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5 Tips for Taking Digital Pictures in Bright Sun

Don't Be Afraid of Your Manual Settings

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Hot Air Balloon at Sunrise

Hot Air Balloon at Sunrise

© Judy Hedding

With about 300 days of sunshine every year in the Phoenix area, you can almost be certain that when you make plans you'll have some pretty nice weather. In the summer months, when you take your digital camera along, taking photographs in that bright, blazing summer sun might pose some challenges. If you decide to take that little dial off the automatic setting, these five tips for shooting pictures in the sun are worth experimenting with for better quality images.

5 Tips for Taking Digital Pictures in Full Sun

  1. In sunlight set your ISO to 100, the white balance to auto, and use a higher focal length of your lens. If your lens is 17mm-55mm go closer to the 55mm end.
  2. If you choose to shoot manually, you'll have more control over the image and its quality. Set the aperture to f8 and the speed to 1/250th in bright sunlight (f8 and f11 are usually optimum apertures for lenses and give the best sharpness with least aberrations). If you're knowledgeable enough and you have a particular artistic intention, use other setting combinations.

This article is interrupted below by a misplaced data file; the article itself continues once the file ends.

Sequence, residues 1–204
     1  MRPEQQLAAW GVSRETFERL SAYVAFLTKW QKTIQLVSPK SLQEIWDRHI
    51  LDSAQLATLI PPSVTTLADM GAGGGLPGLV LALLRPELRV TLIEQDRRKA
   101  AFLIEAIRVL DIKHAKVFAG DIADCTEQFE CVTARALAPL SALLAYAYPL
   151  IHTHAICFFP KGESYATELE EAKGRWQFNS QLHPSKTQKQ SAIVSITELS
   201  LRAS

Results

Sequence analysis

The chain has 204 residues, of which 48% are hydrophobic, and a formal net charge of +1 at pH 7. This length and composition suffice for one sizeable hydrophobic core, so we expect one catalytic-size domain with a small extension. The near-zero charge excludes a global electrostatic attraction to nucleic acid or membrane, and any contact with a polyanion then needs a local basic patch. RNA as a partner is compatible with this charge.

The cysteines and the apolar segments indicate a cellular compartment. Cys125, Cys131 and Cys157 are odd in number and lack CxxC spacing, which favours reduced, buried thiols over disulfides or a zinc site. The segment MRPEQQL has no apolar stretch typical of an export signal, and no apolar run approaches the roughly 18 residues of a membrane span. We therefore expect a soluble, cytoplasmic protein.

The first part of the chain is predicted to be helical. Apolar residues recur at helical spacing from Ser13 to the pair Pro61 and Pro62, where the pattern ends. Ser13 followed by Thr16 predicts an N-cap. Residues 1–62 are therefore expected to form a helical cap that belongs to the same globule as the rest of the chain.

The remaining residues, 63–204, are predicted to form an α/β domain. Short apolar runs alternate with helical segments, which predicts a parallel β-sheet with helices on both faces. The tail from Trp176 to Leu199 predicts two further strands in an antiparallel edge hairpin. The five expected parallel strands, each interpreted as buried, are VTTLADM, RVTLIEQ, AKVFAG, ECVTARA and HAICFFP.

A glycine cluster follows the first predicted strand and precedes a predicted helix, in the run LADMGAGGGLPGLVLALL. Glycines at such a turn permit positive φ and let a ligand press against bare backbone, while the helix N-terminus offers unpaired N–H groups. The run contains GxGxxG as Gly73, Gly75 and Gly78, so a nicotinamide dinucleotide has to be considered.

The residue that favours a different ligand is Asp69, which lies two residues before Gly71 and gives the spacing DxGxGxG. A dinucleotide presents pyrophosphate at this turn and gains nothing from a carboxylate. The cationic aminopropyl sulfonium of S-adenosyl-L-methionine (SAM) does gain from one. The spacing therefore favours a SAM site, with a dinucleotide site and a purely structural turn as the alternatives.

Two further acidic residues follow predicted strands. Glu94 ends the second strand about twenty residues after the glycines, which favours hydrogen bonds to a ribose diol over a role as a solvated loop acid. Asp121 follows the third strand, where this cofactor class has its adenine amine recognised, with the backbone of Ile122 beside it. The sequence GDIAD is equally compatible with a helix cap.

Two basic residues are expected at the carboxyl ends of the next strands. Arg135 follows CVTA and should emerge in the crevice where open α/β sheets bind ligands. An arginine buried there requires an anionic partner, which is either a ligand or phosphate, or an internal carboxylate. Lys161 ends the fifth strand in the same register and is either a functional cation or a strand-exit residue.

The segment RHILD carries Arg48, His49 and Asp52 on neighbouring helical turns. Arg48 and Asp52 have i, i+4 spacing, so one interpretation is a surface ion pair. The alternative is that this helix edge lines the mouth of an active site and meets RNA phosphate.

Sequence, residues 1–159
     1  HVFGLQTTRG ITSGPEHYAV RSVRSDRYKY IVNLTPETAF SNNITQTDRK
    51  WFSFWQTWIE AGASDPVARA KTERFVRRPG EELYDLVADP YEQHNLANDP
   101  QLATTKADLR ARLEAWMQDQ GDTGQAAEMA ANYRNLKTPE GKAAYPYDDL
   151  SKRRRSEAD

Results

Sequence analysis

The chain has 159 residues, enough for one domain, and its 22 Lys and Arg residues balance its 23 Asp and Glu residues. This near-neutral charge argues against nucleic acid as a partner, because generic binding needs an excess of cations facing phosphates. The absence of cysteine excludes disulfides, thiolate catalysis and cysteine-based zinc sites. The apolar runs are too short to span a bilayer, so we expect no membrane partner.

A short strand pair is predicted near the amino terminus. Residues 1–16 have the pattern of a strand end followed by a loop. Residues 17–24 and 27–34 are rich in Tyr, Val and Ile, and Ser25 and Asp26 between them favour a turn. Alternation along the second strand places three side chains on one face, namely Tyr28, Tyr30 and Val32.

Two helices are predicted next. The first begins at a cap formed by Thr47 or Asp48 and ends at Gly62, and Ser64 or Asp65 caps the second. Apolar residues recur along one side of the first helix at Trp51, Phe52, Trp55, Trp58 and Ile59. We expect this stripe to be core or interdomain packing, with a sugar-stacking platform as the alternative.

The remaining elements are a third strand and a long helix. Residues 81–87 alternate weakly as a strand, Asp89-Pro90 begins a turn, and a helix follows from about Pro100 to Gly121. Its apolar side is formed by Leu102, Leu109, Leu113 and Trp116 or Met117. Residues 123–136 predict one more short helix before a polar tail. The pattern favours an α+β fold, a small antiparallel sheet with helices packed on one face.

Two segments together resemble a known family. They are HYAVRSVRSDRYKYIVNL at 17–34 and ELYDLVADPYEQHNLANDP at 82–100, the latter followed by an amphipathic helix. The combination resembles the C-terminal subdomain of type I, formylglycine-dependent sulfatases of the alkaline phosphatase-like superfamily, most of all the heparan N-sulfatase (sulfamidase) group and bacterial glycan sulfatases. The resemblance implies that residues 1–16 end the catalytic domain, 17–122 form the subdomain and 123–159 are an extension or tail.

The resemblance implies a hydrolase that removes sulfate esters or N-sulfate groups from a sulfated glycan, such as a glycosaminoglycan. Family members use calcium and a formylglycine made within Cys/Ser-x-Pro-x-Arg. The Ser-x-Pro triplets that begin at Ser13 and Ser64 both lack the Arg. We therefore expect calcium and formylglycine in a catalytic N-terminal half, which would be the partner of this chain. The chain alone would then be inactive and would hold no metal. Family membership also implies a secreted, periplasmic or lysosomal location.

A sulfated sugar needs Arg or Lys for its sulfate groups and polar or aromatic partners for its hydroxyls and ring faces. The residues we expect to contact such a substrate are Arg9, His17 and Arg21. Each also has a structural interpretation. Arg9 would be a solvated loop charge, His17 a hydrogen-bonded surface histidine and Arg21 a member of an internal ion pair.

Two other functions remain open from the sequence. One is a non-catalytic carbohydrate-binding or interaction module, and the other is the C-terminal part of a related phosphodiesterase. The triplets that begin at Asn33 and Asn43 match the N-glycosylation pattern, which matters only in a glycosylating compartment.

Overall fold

3. Try to take the photo in the morning or late afternoon rather than high noon and if you can, circle the object to decide on the most attractive angle. Generally avoid casting your own shadow on the subject. It's often helpful to show some of the shaded parts of the subject because that shows details better than the brightest parts.
  4. To make the image less contrasty, the expedient solution is to fill it with a little flash. This will probably cause some unwanted shadows. Sometimes you can avoid those shadows by turning the camera upside-down and shooting that way. The more attractive solution is to buy a small collapsible reflector (a lot less expensive than a flash unit). Try holding the reflector in a lower position, bouncing the light from the sun up into or horizontally at the subject. This offers infinite variations on lighting and the result will often be more attractive.
  5. These camera settings are really a starting point. A digital image will show much more detail in a print if you are just a little bit underexposed. Keep the f-stop constant and try different exposures by adjusting the speed a little slower or a little faster.

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